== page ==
However, patients also need to consider the potential limitations associated with various CPAP accessories in order to choose the most suitable for them. Due to the larger surface area, air leaks can potentially be more common, particularly if the mask is ill-fitted. As a result of this, some individuals may experience dry eyes if the humidified air leaks at the top of their masks. Full face masks for sleep apnea can also be uncomfortable for individuals who sleep on their stomach or side due to the bulkiness of the equipment. This can also be a downfall for those who like to read or watch TV as they’re settling for bed.
Another popular CPAP mask is the nasal mask, which purely covers the nose from the bridge to the patient’s upper lip area. Similarly to the full face masks, nasal masks are also secured in place with headgear accessories to ensure the mask does move during sleep, therefore maximising results.
Nasal masks have proven to be an effective option for patients who typically move around frequently in their sleep. As the accessories associated with nasal masks are not as bulky as their full face counterparts, patients may find they can move around more freely in their sleep. Additionally, there are many different fits and sizes available with nasal CPAP masks which ensures a more comfortable and individualised fit, increasing comfort and minimising the risk of air leaks.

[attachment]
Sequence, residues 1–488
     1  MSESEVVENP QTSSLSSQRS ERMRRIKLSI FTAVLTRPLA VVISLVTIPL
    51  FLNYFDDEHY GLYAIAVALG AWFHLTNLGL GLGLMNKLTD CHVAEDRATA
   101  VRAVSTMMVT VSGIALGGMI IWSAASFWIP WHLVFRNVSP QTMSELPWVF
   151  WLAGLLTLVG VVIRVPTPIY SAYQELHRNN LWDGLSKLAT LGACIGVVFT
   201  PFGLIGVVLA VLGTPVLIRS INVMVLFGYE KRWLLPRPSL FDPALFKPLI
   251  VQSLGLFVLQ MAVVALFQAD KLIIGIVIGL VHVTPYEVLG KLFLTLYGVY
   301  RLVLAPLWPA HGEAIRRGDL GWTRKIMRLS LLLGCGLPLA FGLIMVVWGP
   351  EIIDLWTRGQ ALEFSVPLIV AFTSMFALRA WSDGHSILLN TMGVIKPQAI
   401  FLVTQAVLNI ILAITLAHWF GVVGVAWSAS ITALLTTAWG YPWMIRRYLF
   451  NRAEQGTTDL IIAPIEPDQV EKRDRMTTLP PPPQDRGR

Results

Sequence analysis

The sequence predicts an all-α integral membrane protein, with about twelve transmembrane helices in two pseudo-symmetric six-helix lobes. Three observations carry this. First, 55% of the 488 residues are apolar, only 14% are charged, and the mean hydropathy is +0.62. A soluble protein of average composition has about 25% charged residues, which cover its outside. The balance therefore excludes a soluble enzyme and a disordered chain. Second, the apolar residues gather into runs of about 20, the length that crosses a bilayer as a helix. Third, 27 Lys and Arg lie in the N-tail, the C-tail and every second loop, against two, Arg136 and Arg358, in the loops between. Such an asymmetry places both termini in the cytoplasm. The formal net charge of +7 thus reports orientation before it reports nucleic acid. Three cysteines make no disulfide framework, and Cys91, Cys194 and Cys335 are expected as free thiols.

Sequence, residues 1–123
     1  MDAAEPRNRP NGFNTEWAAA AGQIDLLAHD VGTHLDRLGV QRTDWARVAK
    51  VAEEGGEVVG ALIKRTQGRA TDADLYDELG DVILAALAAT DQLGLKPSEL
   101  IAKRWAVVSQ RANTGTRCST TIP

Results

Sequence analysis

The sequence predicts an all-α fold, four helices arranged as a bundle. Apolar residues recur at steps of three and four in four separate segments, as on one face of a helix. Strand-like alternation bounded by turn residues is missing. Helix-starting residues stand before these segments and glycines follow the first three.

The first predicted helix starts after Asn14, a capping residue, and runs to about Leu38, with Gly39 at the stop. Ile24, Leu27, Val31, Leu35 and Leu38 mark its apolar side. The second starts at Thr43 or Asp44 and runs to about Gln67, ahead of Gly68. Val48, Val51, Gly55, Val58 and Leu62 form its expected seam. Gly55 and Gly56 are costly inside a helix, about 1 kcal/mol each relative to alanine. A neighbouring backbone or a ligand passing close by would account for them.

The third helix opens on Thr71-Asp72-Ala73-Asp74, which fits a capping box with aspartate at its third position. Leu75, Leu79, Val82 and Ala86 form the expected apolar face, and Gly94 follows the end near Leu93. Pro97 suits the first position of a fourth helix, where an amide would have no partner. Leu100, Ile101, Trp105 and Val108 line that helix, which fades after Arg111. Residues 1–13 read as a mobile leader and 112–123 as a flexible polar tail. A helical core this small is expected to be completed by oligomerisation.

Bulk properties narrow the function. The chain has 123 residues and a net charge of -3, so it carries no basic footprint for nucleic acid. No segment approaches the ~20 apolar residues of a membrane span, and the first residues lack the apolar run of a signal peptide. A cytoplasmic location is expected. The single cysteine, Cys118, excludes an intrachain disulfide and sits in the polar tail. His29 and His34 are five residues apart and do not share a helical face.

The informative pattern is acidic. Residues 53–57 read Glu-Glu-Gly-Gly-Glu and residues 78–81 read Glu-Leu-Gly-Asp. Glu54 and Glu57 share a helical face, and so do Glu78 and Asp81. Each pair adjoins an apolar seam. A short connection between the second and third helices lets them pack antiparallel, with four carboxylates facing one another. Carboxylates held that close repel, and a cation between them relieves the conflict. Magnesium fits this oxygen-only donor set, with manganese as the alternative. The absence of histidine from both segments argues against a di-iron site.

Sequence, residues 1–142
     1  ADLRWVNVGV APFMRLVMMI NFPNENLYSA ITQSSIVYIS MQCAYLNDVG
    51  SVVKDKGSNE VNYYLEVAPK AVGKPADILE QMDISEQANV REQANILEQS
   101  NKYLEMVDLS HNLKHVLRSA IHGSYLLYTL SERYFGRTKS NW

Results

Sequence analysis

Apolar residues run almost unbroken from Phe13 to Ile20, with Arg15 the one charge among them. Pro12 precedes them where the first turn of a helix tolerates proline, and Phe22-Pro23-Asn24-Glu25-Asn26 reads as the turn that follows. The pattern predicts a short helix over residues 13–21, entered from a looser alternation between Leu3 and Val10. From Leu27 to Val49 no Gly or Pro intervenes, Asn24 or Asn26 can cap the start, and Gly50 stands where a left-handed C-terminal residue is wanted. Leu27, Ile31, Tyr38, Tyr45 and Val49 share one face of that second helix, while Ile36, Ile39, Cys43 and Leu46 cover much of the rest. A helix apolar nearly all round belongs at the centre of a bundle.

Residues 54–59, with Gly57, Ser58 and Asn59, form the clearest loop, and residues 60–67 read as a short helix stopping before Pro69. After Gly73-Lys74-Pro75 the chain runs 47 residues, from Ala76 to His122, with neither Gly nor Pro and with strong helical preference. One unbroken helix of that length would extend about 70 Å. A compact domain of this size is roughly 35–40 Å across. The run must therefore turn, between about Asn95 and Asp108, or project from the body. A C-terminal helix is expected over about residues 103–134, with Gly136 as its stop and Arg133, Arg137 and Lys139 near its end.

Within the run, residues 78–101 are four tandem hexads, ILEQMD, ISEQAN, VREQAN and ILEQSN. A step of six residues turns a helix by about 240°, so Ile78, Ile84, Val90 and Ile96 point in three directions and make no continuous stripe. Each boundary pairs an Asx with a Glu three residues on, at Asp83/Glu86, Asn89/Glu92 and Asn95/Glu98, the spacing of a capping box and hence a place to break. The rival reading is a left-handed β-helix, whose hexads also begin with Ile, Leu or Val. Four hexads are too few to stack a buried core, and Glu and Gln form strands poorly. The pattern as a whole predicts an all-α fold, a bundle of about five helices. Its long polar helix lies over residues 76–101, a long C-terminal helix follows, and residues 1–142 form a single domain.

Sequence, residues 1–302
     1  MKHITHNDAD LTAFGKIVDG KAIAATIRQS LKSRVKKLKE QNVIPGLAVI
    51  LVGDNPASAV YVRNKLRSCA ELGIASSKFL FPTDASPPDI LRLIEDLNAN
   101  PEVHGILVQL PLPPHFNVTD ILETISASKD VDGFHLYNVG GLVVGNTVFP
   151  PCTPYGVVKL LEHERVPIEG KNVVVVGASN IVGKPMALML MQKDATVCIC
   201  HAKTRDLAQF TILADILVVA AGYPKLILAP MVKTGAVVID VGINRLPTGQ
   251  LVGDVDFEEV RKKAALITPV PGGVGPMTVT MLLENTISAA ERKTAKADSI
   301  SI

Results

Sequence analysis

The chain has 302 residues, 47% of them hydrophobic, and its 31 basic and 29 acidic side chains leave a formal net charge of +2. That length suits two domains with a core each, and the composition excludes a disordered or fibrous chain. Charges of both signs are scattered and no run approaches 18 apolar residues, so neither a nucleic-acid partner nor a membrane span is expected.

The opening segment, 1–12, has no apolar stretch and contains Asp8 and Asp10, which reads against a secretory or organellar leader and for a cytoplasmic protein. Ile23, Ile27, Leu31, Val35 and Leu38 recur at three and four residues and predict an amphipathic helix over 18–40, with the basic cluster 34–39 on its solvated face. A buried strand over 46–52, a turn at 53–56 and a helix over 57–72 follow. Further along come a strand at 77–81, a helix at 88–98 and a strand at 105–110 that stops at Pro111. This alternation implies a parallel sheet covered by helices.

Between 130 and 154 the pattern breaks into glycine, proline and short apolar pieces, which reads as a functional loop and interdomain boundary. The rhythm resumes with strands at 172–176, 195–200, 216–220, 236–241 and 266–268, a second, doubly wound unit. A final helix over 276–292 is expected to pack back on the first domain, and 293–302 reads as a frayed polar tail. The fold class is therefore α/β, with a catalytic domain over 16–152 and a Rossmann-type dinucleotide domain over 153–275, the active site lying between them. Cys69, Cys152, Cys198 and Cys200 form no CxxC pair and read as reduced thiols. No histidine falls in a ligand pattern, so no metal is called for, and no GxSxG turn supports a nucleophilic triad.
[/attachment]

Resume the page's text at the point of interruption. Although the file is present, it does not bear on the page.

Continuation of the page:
While the above features make nasal masks a popular CPAP therapy option, the treatment may not be suitable for patients who rely on breathing through their mouth without wearing an additional chin restraint to secure the mouth closed. For some people, this may be uncomfortable and unnatural, therefore making other forms of therapy more ideal. Other considerations that need to be contemplated include the presence of allergies. Sinus blockages can interfere with the pressure delivery and therefore results may be diminished.
Furthermore, patients who suffer medical conditions such as a deviated septum, narrowed or collapsed nasal valve or enlarged turbinates may also not experience the full potential of CPAP therapy through the use of nasal masks.
Nasal Pillow Masks
For a more lightweight and less intrusive option, nasal pillow masks provide maximum comfort and ease of use in comparison to full face or nasal CPAP mask options. Nasal pillow masks work by resting at the entrance of the nasal passageway to deliver pressurised air directly into the nose to facilitate breathing.